As you can rightfully expect in a Republic serial, no more than two or three minutes go by without mayhem. There's enough action in this one serial that you can get black and blue just watching it. Not only can Rocket Man fly, but his outfit gives him a real advantage in the constant fistfights. His head is covered with a metal helmet, he can take broken chairs across the back because of those rocket tubes, and there's a large metal control panel on his chest. Not much left to try except hitting below the belt.
Tristram Coffin as Jeff King is a pleasant surprise, because the actor was usually cast as a villain (you probably saw him confront George Reeve's Superman, when you were a kid. Older and more authoritative than the usual All-American jock heroes, Coffin is convincing as a guy who would fight Dr Vulcan, even without the rocket suit. Mae Clarke as the heroine is also older than the usual college age leading ladies in these cliffhangers, but she seems uncomfortable and bewildered, as if she had signed up for a different project.
Okay, the decimator goes into action in the final chapter as Dr Vulcan from Fisherman's Island complete wrecks Manhattan. Earthquakes topple the building and a tidal waves floods the city, killing thousands. (This footage was swiped from an old RKO movie called DELUGE.) Even as the metropolis is destroyed and Army bombers are speeding toward the island, Rocket Man zooms down, crashes through a window of the villain's cottage and somersaults up to punch out the thugs and blow up the decimator (in one of the neatest action stunts I've seen). Seconds later, the Army planes drop a few blockbusters on Vulcan's summer home, as Rocket Man barely flies off in time.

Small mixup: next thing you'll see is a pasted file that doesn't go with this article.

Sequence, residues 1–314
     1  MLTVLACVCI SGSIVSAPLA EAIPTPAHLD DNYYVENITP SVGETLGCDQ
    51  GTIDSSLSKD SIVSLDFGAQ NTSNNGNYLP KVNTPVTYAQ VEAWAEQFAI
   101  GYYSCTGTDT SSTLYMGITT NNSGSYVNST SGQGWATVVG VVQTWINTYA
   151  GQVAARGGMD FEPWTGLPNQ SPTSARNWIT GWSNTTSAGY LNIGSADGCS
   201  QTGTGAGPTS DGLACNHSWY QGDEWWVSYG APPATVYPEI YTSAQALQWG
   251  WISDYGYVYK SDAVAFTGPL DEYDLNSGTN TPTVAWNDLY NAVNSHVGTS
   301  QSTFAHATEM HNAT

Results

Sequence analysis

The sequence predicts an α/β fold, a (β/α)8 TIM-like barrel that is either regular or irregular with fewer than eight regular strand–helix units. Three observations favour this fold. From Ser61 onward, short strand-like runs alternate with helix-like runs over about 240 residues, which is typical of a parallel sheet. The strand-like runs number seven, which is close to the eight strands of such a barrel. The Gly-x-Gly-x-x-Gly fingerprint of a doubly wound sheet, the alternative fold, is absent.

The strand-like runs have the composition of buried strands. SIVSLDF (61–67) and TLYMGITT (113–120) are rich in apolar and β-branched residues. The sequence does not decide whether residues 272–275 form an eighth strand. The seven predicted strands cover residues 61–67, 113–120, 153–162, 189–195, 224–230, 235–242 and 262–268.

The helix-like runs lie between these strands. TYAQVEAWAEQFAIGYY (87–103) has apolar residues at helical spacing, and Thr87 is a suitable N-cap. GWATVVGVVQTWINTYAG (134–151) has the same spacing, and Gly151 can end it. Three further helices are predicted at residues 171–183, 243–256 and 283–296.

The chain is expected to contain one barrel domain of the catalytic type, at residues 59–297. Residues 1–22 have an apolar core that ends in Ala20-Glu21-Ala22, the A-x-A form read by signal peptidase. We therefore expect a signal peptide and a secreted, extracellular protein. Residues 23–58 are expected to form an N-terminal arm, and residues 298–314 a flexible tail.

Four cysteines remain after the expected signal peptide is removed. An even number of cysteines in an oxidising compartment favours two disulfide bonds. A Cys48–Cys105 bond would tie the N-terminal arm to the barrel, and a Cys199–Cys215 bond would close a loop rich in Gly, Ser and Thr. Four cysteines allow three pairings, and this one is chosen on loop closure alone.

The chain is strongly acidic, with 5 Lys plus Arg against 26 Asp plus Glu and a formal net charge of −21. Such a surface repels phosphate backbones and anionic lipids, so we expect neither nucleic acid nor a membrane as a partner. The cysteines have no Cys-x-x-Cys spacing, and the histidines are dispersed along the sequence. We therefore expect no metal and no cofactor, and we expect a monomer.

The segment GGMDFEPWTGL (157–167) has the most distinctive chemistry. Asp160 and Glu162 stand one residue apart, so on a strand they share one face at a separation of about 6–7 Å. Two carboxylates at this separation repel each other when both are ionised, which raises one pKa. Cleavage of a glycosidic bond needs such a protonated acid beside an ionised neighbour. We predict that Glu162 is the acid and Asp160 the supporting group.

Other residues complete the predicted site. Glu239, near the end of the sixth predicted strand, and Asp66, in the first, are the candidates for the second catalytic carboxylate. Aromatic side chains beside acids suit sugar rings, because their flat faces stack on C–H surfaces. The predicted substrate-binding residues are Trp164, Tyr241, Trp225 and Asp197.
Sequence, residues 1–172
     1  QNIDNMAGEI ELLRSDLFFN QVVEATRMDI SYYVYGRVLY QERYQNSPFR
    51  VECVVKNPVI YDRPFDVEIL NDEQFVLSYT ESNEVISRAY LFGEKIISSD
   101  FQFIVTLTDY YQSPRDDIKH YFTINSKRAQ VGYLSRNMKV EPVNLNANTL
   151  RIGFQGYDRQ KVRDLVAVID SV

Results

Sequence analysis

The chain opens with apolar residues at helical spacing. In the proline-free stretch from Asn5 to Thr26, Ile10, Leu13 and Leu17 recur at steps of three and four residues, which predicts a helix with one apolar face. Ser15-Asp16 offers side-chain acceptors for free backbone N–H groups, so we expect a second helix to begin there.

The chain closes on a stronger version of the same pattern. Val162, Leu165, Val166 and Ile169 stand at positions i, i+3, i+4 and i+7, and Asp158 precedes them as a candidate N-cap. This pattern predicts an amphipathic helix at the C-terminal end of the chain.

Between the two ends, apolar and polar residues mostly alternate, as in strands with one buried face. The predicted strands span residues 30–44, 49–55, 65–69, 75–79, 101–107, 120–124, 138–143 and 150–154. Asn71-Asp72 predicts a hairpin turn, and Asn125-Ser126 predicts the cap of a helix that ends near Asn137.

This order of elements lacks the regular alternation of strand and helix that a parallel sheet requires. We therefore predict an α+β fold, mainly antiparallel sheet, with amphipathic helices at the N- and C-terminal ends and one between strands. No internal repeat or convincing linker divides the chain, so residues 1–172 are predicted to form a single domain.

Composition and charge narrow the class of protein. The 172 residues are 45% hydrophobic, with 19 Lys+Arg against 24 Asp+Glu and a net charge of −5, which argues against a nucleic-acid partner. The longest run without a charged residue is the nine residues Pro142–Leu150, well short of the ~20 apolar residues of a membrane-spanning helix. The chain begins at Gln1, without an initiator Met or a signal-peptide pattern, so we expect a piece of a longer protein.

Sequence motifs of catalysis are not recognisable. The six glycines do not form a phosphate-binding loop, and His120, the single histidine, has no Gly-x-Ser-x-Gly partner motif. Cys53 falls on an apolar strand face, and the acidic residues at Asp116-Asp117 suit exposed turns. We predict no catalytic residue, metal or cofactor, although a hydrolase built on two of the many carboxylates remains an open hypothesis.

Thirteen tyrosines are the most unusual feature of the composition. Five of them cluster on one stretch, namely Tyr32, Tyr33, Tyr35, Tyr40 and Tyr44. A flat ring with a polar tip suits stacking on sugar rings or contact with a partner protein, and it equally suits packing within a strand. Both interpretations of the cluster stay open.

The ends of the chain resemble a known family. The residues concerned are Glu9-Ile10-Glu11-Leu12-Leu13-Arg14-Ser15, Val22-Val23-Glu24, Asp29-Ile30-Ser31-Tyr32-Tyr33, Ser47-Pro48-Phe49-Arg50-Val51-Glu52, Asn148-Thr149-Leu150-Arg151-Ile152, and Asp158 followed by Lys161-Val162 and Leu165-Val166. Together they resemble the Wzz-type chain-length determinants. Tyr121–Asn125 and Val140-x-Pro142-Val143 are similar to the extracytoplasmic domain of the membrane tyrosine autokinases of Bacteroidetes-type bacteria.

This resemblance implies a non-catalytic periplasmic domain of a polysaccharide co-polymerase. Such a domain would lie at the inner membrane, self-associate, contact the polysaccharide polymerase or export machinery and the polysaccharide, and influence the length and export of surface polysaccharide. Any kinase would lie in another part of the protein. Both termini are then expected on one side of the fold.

This sequence is a lot of fun to watch, but on second thought, what good did our hero really accomplish? New York City WAS obliterated, the bombers would have destroyed the decimator and Dr Vulcan less than a minute later, anyway, so Rocket Man might as well have watched from a safe distance. This has always seemed like odd screenwriting, but it makes perfect sense when you're sitting in a dark theatre with popcorn in your lap.
Unlike the recent film version of Dave Stevens'
THE ROCKETEER, where the hero is clearly using an actual rocket device (you see the high-octane fuel leak, flames come from the exhaust with visible force, and he accelerates and lands consistently with a rocket system), the suit introduced in KING OF THE ROCKETMEN has some real puzzlers to it.
For one thing, there is no visible exhaust. When Rocket Man takes off, there is a building whine, a deep thumping noise, and usually some smoke. Once, very early in the serial, flames actually are seen as he lifts off, but that's an exeption. In flight, the rocket tubes are apparently inactive. Instead of the roar you might expect, there is a strange higher-pitched noise. And the control panel is very odd. A flat control plate on the chest has three graduated dials marked UP-DOWN, ON-OFF, and FAST-SLOW. What's the deal with that? A fuel-burning rocket system would not have UP and DOWN controls, as the amount of thrust would determine the user's rate of climb or descent. And the idea of ON-OFF having a number of settings is hard to figure.